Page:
Masa Israel Journey Blog

Published : April 29, 2014
By Benjamin Zander
I have seen the past, and it is ugly. Standing at the foot of a mass grave in Glugow Forest in Poland, emotions are swirling. Below the ground we stand on lay the remains of 6,000 Jewish children. I feel invaded, angry, indignant. But when I look at the faces of those who stand with me here, I also feel a sense of strength.
The forest is all but silent except for the chirping of the birds. The sounds they make are a testament to the living, to us. Next to me stands Avner Netanyahu, the son of Israel’s Prime Minister, who is part of our Young Judaea group visiting Poland for a week-long trip to unearth our painful, collective past. Avner is a living embodiment that Jewish history has not been forgotten. The simple fact that he and I stand here today, breathing, feeling, living, fills me with hope.
Standing on the ashes and bones of my people, I arrive at the epiphany that so many others have realized before me: History sleeps unless you wake it. This is the lesson I took from my trip. It is the lesson that has burned through the Jewish people for the past seven decades. To “Never Forget.”
On that day in Poland I also aroused my own family’s history from its slumber. 
I took leave of the group and took a taxi to the town of Tarnow. All I had was an address that was 70 years old: Jasna 33. No one from my family had been to Poland since the war so Grandpa Lester chose me to be his eyes and ears. His aunt, Zofia, hid from the Nazis with her husband and two children in the town of Tarnow. She wore a cross around her neck so as not be detected by the Nazis. One day she went out to buy some bread but when she came back, her husband and children were gone, taken by the Nazis.
Zofia never saw her husband or children again.
While in Auschwitz, I learned that what my family knew to be true for seven decades was wrong. Zofia’s husband and children had not died in the concentration camp, rather the Nazis had murdered them in Tarnow. I cannot answer whether this news is supposed to provide my family with solace or whether it just brings more sorrow. All I can say is at least now there is an answer. History has been awakened.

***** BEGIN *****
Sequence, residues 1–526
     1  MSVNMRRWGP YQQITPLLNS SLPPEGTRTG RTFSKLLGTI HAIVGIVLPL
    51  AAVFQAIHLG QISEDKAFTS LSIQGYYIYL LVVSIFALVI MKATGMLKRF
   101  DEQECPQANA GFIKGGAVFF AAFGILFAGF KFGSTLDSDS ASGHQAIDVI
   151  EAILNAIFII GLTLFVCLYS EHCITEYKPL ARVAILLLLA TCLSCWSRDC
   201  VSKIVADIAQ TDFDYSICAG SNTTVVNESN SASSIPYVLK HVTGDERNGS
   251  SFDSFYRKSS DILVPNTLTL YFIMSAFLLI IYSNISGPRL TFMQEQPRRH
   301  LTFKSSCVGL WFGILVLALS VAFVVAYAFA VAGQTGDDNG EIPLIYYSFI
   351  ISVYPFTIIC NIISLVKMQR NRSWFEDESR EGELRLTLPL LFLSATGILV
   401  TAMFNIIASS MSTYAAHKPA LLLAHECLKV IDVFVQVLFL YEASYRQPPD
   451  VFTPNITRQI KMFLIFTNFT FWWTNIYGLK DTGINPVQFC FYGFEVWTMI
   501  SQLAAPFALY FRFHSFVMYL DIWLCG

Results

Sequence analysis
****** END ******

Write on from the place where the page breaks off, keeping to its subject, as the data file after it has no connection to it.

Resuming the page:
Cold anticipation and goose-bumps swept through my body as I walked the streets of Tarnow, trying to locate Jasna 33. But the address was nothing but a memory, buried deep under an empty patch of grass that now made up a nondescript town square. The voices of children who were playing in a nearby park reached my ears. I stood there in bewilderment, trying to picture the house, the place my great-great aunt had pegged as a haven from the Nazis. I did not cry. I learned that the building next to me was built on the original foundation of Jasna 47. The stones of the foundation were still visible today.
Suddenly, I smiled. I realized I was staring at something that Aunt Zofia had no doubt looked at seventy years earlier. This trifling fact filled me with exhilaration. For one fleeting moment, Jasna 33 existed once again. I was the first in my family to trespass history and it was empowering. The Zanders, Zauders, Schreiers, Tiegers, Sztuckis, and Leibels - I suddenly felt connected to all of Zofia’s family, to my family.
There were two rocks lying on the grass. I picked them up and put them in my pocket.  One was for my Grandpa Lester for whom I’d become the eyes and ears of the past and the other for his sister Sylvia.
In the taxi ride back to join the rest of the group, I felt the weight of the dead rocks in my pocket. On that day in Tarnow, I never felt more alive.
The writer is currently on his gap year in Israel as part of Young Judaea’s Year Course. From March 23 – 31, Young Judaea took a group of 21 Year Course participants on a trip to Poland. Zander is from Great Neck, NY. Next year he will begin his undergraduate studies at TCMJ college in New Jersey.

Originally published by Arutz Sheva
Published : April 11, 2014
A group of young professionals in Tel Aviv are taking Shabbat to the next level. White City Shabbat, in conjunction with the Am Yisrael Foundation, is planning the World’s Largest Shabbat Dinner to attempt gain recognition in the Guinness Book of World Records. The dinner will be held in Spring 2014 at the Tel Aviv Port and will be 100% Kosher and uphold the highest levels of shomer Shabbos. We recently spoke with Washington, D.C.-native Victoria Kimmerling of the Am Yisrael Foundation via e-mail about the event, interning in Israel, and singular nature of Shabbat. 
Why did you want to intern in Israel through Masa Israel Journey? What led you to get involved with the Am Yisrael Foundation?